Detritivory, trophic shunt and the apparent trophic cascade hypothesis.
Florida International University, Miami, Fl. USA 1
Detritus is a universal component of ecosystems. In a majority of ecosystems, most primary production is uneaten by herbivores and turns into detritus. Many animals feed on detritus and then become food items of predators. These predators also often prey on herbivores. Thus, energy and material may shunt from detrital food chains into the classic herbivore food chain. In many ecosystems, the flow to the upper trophic levels through detritivore channel can be equal or larger than that through the herbivore channel. I constructed a model to examine the features of a food web that contains both herbivore and detritivore food chains and the features of trophic shunt. The model simulated trophic interactions among six groups: edible autotrophs, inedible autotrophs, detritus, herbivores, detritivores, and predators. In such food webs, an apparent trophic cascade may arise, which contains a large standing crop of predators, a disproportionately small standing crop of herbivores, and very abundant primary producers. Some ecosystems may look greener than others even if their primary productivity is more severely limited by nutrients. The aquatic food web of the Everglades marshes appears to show this pattern.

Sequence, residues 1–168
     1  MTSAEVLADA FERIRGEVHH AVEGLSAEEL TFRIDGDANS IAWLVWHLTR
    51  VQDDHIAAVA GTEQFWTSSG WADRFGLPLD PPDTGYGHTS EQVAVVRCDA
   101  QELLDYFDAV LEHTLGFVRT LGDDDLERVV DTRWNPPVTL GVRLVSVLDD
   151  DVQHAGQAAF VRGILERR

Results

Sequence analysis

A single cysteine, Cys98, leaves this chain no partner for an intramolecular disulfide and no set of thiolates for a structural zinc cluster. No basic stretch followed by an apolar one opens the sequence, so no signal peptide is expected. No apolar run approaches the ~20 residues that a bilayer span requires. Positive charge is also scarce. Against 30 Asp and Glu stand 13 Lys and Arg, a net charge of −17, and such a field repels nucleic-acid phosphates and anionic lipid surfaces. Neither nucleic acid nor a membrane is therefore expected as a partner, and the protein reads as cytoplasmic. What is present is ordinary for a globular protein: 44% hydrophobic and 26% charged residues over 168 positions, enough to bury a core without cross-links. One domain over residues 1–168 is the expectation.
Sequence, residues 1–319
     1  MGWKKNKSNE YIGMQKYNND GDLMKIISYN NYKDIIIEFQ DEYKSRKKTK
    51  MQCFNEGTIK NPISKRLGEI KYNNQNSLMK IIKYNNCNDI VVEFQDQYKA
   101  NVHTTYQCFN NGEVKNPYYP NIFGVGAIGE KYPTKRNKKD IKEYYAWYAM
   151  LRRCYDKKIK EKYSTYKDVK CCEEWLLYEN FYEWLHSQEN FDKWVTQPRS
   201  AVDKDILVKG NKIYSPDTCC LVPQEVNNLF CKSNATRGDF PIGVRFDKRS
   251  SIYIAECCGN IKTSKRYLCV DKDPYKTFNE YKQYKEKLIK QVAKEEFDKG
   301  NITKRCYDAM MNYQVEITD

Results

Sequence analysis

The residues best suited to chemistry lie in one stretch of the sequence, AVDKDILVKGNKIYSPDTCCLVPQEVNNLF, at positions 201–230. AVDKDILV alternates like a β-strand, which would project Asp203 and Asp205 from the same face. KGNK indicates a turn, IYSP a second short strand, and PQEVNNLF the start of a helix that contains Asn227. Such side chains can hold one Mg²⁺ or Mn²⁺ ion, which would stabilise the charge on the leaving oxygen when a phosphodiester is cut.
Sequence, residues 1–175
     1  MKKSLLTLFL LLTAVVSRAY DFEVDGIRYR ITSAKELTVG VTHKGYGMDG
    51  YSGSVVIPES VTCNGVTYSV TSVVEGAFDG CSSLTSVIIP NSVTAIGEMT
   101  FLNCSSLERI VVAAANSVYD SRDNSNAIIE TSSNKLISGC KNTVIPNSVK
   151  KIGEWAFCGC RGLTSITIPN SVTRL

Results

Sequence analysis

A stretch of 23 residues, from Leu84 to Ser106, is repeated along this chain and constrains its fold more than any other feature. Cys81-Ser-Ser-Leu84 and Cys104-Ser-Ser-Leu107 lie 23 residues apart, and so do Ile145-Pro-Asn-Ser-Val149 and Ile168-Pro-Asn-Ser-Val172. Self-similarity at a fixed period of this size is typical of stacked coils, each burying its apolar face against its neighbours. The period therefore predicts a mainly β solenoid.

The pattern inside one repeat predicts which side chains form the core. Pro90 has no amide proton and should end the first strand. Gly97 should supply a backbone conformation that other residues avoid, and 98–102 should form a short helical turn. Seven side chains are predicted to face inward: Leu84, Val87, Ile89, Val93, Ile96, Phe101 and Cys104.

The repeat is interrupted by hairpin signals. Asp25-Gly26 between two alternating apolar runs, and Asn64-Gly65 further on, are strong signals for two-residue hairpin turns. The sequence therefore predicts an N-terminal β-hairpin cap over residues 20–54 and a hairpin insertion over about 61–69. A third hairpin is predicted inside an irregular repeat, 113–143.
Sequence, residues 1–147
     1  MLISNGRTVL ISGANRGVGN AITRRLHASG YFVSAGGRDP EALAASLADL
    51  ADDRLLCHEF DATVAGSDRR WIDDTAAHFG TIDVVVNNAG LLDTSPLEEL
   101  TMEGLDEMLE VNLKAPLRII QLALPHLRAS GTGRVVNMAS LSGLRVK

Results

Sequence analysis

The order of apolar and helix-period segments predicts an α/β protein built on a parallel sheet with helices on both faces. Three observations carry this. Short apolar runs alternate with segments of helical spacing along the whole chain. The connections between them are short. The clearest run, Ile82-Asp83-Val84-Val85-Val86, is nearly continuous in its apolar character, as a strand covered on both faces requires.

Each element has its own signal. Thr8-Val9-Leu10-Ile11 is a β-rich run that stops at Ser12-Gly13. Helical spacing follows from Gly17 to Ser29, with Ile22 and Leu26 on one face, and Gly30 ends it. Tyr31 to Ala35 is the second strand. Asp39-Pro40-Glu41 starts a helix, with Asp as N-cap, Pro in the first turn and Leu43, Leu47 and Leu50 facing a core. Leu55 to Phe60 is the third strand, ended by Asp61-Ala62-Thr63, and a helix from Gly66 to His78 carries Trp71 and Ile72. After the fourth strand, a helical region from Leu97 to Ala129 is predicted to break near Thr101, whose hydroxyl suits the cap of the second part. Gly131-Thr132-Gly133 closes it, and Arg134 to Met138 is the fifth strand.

Keywords: food web, apparent trophic cascade, detritivory, herbivory, trophic shunt.
This abstract is being presented at: 4:15 PM in session:
Oral Session #11: Trophic Cascades.